Doctors often see patients with vague symptoms ‚ÄĒ a general malaise or lingering pain. In the best cases, the doctor finds specific causes, and the patient is as relieved psychologically as well as physically.
That scenario also applies to our economy. The malaise, the pain felt by middle class families just trying to get by ‚ÄĒ these are the symptoms. But what‚Äôs the cause?
More and more evidence shows that it‚Äôs government red tape.
‚ÄúFor the past five years, the Obama Administration has aggressively exploited regulation to get its way,‚ÄĚ said James L. Gattuso and Diane Katz of the Heritage Foundation. ‚ÄúIssuing 157 new major rules at a cost to Americans approaching $73 billion annually, the Obama Administration is very likely the most regulatory in history.‚ÄĚ
That‚Äôs just the overreach by the executive branch.
‚ÄúMuch of the red tape imposed over the past five years has been driven by vast and vaguely worded legislation, such as the misnamed Patient Protection and Affordable Care Act (Obamacare) and the Dodd‚ÄďFrank financial-regulation law, in which Congress granted broad discretion to regulatory agencies, Gattuso and Katz contend. ‚ÄúDoing so allows lawmakers to claim credit for ‚Äėdoing something‚Äô while evading blame for specific regulations. The regulatory burden swelled in 2013 with the imposition of 26 new major rules. Although slightly below President Obama‚Äôs first-term annual average, that was still twice the annual average of his predecessor George W. Bush.‚ÄĚ
It‚Äôs hard to effectively gauge the effect of all these new regulations. There‚Äôs the direct cost, which can be staggering.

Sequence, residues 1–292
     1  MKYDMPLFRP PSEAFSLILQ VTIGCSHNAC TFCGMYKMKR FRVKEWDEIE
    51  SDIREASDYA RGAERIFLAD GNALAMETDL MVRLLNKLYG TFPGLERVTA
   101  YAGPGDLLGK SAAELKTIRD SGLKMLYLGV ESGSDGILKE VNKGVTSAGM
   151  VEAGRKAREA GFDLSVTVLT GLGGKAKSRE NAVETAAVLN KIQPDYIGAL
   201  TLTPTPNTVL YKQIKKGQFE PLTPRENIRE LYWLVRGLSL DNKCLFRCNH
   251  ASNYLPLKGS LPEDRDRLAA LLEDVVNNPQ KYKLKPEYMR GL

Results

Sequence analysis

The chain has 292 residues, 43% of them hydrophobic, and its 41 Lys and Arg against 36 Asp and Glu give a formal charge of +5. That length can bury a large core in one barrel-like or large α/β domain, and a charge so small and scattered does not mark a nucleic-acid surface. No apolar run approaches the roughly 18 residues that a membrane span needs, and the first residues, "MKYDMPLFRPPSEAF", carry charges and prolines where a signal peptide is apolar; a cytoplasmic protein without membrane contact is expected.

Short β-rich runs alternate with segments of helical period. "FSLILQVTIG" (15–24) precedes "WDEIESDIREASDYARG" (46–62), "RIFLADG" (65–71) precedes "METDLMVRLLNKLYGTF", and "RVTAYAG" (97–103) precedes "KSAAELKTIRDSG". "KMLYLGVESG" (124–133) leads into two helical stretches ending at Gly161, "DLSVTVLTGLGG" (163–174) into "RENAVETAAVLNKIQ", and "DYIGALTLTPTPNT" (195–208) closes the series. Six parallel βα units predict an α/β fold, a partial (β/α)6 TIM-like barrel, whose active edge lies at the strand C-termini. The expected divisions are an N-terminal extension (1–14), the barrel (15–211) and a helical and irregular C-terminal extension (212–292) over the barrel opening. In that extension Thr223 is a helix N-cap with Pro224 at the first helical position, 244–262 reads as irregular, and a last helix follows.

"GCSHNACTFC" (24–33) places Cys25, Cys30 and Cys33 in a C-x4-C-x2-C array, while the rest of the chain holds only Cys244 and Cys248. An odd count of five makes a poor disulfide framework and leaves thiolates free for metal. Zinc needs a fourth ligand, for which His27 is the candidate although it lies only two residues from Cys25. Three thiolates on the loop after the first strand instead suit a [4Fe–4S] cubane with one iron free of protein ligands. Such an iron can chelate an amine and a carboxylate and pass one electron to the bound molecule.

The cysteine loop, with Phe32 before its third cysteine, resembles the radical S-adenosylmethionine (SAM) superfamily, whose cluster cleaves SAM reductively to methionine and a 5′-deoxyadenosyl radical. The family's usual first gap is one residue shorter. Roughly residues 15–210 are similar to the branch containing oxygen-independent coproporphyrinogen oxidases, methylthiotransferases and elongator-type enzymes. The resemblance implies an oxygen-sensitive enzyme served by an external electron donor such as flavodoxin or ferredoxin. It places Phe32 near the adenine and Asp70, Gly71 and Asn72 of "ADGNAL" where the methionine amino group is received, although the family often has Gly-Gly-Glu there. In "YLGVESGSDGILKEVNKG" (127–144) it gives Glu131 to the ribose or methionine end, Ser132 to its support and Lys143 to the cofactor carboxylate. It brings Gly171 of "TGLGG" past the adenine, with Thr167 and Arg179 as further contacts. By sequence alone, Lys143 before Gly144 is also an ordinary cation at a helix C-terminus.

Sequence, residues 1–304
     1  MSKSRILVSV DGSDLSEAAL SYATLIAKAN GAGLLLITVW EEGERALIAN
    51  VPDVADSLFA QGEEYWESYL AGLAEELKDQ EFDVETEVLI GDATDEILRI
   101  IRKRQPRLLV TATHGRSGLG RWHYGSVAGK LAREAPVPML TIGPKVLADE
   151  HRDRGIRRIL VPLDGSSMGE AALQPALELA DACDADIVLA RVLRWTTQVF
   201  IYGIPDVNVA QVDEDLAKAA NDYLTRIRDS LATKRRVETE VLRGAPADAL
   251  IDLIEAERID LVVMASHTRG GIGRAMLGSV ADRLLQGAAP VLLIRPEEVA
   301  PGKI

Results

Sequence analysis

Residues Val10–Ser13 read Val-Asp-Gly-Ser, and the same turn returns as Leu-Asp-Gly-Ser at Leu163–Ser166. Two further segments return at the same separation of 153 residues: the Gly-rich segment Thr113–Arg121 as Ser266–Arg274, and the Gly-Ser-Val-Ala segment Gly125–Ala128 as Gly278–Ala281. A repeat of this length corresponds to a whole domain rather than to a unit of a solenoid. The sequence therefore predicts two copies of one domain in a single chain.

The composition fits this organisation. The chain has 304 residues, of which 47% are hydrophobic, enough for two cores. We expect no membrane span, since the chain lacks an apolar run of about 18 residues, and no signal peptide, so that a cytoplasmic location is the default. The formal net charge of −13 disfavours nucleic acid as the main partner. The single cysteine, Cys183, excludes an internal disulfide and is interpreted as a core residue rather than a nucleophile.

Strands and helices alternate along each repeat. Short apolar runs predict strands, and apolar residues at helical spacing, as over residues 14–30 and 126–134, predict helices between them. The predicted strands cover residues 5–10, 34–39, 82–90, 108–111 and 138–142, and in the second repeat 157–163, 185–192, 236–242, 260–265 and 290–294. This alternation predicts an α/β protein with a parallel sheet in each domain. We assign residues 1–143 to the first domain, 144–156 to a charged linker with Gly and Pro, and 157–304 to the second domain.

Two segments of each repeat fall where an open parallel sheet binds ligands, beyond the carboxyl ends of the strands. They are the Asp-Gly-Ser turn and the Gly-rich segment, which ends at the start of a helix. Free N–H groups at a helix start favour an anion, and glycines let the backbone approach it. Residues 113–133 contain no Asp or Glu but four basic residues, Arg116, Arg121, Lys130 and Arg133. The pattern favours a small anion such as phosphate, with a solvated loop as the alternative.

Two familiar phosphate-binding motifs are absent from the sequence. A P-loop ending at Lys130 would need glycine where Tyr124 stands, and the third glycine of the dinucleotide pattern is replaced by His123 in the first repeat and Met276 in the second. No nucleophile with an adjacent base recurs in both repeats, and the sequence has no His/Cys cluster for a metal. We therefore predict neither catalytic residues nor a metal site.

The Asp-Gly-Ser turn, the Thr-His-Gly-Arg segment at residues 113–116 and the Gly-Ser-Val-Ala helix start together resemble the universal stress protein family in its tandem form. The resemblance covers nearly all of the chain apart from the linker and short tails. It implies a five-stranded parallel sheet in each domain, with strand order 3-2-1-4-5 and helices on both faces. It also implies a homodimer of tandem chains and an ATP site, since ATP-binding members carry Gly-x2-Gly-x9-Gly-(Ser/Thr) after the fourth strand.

‚ÄúThe cost of the new mandates and restrictions imposed by the Obama Administration now nears $73 billion annually, based on analyses performed by the regulating agencies,‚ÄĚ the authors said. ‚ÄúRegulators reported new annual costs of $2.8 billion for the 2013 rules.‚ÄĚ
But there also are indirect costs. Take one example ‚ÄĒ buying a home.
‚ÄúSome of the most problematic new rules of 2013 came from the Consumer Financial Protection Bureau (CFPB), including four major rules restricting access to mortgage credit,‚ÄĚ Gattuso and Katz explained. ‚ÄúThese rules cover every aspect of financing a home ‚ÄĒ including mortgage options, eligibility standards, and even the structure and schedule of payments ‚ÄĒ and will limit financing options and thus further expand government control over Americans‚Äô lives. Despite the potentially enormous impact, the CFPB failed to quantify the actual costs of these rules.‚ÄĚ
The pace of new rule-making is picking up, and there‚Äôs much more red tape on the way.
What can Congress do? First, like the doctor mentioned above, do no harm. Congress must no longer cede its legislative authority to unelected bureaucrats.
‚ÄúCongress, not regulators, should make the laws and should be accountable to the American people for the results,‚ÄĚ Gattuso and Katz said. ‚ÄúTo help ensure this, no major regulation should be allowed to take effect until Congress explicitly approves it.‚ÄĚ
And Congress should establish a Texas-like Sunset Advisory Commission, tasked with evaluating existing rules and regulations.
Most Americans know something is wrong. A real recovery shouldn‚Äôt feel like this.
But now, at least, we know what‚Äôs causing some of the malaise.